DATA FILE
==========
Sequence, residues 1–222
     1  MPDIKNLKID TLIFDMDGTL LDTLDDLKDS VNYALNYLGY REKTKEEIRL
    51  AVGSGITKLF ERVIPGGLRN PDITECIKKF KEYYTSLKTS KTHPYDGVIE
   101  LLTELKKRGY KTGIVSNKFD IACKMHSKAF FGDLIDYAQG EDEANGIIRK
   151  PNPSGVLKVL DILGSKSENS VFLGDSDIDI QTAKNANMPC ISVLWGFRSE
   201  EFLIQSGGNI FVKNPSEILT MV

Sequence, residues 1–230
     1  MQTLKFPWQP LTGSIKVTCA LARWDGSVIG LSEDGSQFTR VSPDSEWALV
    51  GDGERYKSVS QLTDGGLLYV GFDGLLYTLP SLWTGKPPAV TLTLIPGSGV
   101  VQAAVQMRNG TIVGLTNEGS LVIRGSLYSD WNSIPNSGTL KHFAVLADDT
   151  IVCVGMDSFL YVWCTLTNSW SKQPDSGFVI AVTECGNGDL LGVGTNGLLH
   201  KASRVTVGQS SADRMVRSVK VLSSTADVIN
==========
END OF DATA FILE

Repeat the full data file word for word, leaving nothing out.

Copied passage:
Sequence, residues 1–222
     1  MPDIKNLKID TLIFDMDGTL LDTLDDLKDS VNYALNYLGY REKTKEEIRL
    51  AVGSGITKLF ERVIPGGLRN PDITECIKKF KEYYTSLKTS KTHPYDGVIE
   101  LLTELKKRGY KTGIVSNKFD IACKMHSKAF FGDLIDYAQG EDEANGIIRK
   151  PNPSGVLKVL DILGSKSENS VFLGDSDIDI QTAKNANMPC ISVLWGFRSE
   201  EFLIQSGGNI FVKNPSEILT MV

Sequence, residues 1–230
     1  MQTLKFPWQP LTGSIKVTCA LARWDGSVIG LSEDGSQFTR VSPDSEWALV
    51  GDGERYKSVS QLTDGGLLYV GFDGLLYTLP SLWTGKPPAV TLTLIPGSGV
   101  VQAAVQMRNG TIVGLTNEGS LVIRGSLYSD WNSIPNSGTL KHFAVLADDT
   151  IVCVGMDSFL YVWCTLTNSW SKQPDSGFVI AVTECGNGDL LGVGTNGLLH
   201  KASRVTVGQS SADRMVRSVK VLSSTADVIN